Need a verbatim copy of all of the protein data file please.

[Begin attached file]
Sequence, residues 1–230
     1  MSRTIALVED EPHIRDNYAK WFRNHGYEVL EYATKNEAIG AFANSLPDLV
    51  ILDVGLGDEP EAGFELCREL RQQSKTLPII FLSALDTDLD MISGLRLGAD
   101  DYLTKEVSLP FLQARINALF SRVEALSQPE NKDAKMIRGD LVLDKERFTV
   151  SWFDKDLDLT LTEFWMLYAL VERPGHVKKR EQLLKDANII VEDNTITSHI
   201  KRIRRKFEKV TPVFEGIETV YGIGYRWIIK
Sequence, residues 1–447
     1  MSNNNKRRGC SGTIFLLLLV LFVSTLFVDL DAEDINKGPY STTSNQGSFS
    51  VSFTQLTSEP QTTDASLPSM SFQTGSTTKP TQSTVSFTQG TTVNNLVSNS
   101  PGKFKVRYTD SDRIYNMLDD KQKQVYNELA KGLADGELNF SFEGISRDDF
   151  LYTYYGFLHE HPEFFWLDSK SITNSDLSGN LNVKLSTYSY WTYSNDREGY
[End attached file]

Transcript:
Sequence, residues 1–230
     1  MSRTIALVED EPHIRDNYAK WFRNHGYEVL EYATKNEAIG AFANSLPDLV
    51  ILDVGLGDEP EAGFELCREL RQQSKTLPII FLSALDTDLD MISGLRLGAD
   101  DYLTKEVSLP FLQARINALF SRVEALSQPE NKDAKMIRGD LVLDKERFTV
   151  SWFDKDLDLT LTEFWMLYAL VERPGHVKKR EQLLKDANII VEDNTITSHI
   201  KRIRRKFEKV TPVFEGIETV YGIGYRWIIK
Sequence, residues 1–447
     1  MSNNNKRRGC SGTIFLLLLV LFVSTLFVDL DAEDINKGPY STTSNQGSFS
    51  VSFTQLTSEP QTTDASLPSM SFQTGSTTKP TQSTVSFTQG TTVNNLVSNS
   101  PGKFKVRYTD SDRIYNMLDD KQKQVYNELA KGLADGELNF SFEGISRDDF
   151  LYTYYGFLHE HPEFFWLDSK SITNSDLSGN LNVKLSTYSY WTYSNDREGY